Contacted by Metal Market Magazine, Saukkola declined to give further details of the electrolytic process beyond saying that “The chemistry is quite traditional” and that “The cathodes are made of stainless steel.” He estimated that there are about 100 MRI scanners in use in Finland, Sweden and Estonia, and that 5-10 of those are replaced annually by newer, more powerful MRI units.

While some older units might sometimes see re-use elsewhere, often old scanners are cut into pieces on site for quick removal and prompt installation of the latest equipment.

As 2010 US government data (CDC, National Center for Health Statistics) indicated, in 2007 there were 500 MRI units in the UK public health sector. If just 5% of those units were to be recycled in 2018, there would be at least 25 machines to process, and probably rather more if the private sector and veterinary units in the UK were to be taken into account as well. The 2007 figure listed for MRI units in the USA was 7,810, implying a potential approximate figure of nearly 400 of those units that might be recycled in 2018.

Saukkola told Metal Market Magazine that a typical MRI scanner contains about 400 kg of copper and 50-100 kg of niobium-titanium alloy. Other metals in an MRI scanner are stainless steel, glass-fiber armored copper, but mostly aluminium. “Those are recycled using quite ordinary methods (torch cutting, shear cutting, hammer milling and shredding),” he added.

Kuusakoski Recycling picks up old equipment from hospitals in Finland, Sweden and Estonia, and recycles the materials. It also has scrap treatment plants in Sheffield, UK, and in Sittingbourne, UK, through a joint venture company. It is also active in Plainfield, Illinois, USA.
“Those plants are able to cut whole MRI scanners into recyclable pieces or to buy the superconductive coil from other recyclers,” said Saukkola. He added that Kuusakoski is negotiating with some superconductive wire manufacturers to treat their residues in the same electrolytic process.

Although MRI equipment is the most common application for superconducting wire, “basically, this system could be used in recycling of any superconductive wire with the same structure,”
he explained.

Metso mid-range shears Recognizing that not every scrap processing business has the throughput volume or need to warrant purchase of Metso’s large, heavy-duty, Lindemann PowerCut ™ or Etacut™ shears, the international scrap equipment provider supplies its N-Series™ product line, including the Metso N-Series Inclined Shear (NIS), which is a gravity-fed shear with full automatic operation and the Metso clamshell shear/baler/logger (NCS). 

“We listened to our customer base and responded with several design choices at competitive prices for these markets,” says Keith Carroll, vice-president, Americas, Metso Metal Recycling in San Antonio, Texas.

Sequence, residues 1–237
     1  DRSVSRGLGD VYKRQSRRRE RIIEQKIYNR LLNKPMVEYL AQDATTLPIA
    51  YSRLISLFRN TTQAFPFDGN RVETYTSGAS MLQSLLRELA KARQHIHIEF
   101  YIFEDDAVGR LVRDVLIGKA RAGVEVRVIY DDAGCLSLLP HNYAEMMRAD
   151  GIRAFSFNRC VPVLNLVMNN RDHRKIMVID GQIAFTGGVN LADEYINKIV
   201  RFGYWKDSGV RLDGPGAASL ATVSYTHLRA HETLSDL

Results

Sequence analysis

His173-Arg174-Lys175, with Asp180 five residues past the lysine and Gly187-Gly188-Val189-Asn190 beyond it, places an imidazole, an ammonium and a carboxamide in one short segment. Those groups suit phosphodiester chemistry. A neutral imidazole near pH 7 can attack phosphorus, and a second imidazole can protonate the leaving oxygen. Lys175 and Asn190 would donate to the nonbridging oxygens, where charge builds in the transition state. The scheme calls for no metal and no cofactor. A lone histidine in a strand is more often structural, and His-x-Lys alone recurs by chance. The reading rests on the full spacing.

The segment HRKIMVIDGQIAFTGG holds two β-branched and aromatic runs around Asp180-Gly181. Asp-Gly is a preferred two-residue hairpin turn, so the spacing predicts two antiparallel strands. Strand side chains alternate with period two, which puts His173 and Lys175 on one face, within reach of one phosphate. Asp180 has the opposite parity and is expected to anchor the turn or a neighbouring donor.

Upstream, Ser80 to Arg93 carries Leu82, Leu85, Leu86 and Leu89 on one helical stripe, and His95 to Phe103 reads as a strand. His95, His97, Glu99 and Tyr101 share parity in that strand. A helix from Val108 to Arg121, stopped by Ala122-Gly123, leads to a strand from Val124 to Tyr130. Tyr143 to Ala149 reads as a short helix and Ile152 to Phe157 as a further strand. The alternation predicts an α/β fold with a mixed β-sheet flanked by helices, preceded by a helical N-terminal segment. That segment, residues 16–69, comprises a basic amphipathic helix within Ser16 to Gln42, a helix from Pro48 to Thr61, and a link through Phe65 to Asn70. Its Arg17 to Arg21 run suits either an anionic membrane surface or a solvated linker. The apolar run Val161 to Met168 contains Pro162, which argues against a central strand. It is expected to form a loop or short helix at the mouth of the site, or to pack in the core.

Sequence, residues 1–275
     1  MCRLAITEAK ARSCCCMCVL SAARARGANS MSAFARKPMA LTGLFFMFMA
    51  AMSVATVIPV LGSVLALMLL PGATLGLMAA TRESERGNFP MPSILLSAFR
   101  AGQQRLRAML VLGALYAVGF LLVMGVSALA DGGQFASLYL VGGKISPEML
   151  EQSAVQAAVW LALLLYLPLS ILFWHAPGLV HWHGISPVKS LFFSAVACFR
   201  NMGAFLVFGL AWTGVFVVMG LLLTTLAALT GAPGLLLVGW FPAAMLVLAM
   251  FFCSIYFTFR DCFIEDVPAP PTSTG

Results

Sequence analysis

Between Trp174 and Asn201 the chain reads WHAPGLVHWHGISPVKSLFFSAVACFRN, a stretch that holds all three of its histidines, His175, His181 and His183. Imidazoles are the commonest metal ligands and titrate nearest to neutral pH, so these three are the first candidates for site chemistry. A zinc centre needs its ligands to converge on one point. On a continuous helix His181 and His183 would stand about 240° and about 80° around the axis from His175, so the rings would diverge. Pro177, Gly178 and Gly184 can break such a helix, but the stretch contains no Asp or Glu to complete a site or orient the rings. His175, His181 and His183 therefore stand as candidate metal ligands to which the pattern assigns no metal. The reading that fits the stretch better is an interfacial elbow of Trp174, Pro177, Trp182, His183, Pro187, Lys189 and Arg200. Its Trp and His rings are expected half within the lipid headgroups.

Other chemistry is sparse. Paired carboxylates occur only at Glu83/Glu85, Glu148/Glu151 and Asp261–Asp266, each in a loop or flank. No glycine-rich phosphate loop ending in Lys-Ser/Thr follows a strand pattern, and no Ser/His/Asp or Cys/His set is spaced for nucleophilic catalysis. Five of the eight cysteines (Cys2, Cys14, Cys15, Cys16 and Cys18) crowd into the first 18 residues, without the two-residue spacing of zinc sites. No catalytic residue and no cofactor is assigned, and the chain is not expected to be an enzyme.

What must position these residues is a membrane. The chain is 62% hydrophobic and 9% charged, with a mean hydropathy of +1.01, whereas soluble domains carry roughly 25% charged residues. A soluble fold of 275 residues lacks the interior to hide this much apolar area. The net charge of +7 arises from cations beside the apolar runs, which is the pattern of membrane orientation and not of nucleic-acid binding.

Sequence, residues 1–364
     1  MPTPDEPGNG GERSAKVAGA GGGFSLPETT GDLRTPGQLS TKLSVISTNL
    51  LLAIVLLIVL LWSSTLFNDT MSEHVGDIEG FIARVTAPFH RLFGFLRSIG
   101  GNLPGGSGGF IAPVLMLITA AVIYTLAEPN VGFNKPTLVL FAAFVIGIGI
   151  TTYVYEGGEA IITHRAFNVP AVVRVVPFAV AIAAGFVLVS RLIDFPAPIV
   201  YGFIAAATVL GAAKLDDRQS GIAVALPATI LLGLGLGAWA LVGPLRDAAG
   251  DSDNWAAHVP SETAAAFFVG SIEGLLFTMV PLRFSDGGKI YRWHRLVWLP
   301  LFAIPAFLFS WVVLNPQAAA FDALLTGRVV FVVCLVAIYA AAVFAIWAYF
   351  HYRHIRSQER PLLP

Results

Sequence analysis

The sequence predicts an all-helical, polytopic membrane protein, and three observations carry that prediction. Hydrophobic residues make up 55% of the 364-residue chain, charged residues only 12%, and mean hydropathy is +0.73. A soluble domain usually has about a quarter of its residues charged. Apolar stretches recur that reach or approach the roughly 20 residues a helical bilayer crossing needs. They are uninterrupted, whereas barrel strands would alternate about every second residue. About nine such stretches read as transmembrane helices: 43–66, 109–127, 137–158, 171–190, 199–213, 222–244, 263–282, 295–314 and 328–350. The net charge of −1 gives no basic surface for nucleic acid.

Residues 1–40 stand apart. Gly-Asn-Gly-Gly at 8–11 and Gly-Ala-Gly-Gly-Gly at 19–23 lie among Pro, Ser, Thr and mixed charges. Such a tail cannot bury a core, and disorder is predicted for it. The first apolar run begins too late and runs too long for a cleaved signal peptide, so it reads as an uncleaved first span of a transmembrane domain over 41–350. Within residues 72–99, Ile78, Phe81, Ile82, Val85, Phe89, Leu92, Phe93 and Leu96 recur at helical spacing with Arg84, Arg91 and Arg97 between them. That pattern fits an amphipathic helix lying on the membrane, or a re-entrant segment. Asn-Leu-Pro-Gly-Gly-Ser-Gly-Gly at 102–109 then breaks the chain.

The Metso NIS incline shears are available with shearing forces of 660, 880, 1,100 and 1,375 tons (615-1,250 tonnes). They can be used to cut multiple materials and are designed to process long pieces of material and bulky scrap as well as typical scrap found at all processing yards. Production capacities range from 16 tons to 55 tons per hour (15-50 tonnes per hour). 

A self-contained unit, the NIS is a gravity-fed shear with an inclined feed chute that has a ‘live’ floor to assist material movement towards the hydraulic shear. While side clamps compress incoming material laterally to a suitable width for cutting, a stepped stamper compresses it vertically to densify it before shearing. Discharged cut material is held by a retention flap before removal and controls the adjustable cutting length set by the machine’s operator.

The NCS clamshell shear/baler/logger are available with shearing forces of 678, 880 and 1100 tons (615, 800 and 1000 tonnes). Production capacities range from 15 to 44 tons per hour (13-40 tonnes per hour). The Metso NCS provides the processors with the ability to either shear, bale or log subject to their market demands.

A self-contained unit the NCS offers a dual clamshell chargebox design for improved trapping and folding of scrap. Both the NIS and the NCS shear frames share several of the critical design features that are also found in the Lindemann premium shear line.

Metso NIS and NCS Shear products are sold, warranted and serviced by Metso. Carroll says that a total of ten N-Series units have been sold already – half of which are or will be installed in the US.

Compact Redwave XRF/C can save scrap costs The X-ray fluorescence sorting technology developed by Redwave (XRF/C) in Austria enables detection of the elemental composition of mixed metals passed through it. The combination of XRF and camera technology in a compact “free-fall” or “chute” design – rather than scanning on a belt – sees input material separated into two streams, which are collected by conveyor and, if necessary, separated further by automated sorting into different metal fractions.

The combination of a camera and XRF sensors with controls using advanced software algorithms enables desirable and undesirable elements to be identified as well as the percentage of each element included in the material. This enables, for example, the sorting of copper from brass, or zinc from stainless steel. It also means that alloys can be separated from each other, such as specific grades of stainless steels – a process that can add value by as much as €250 ($300) per tonne, Redwave notes.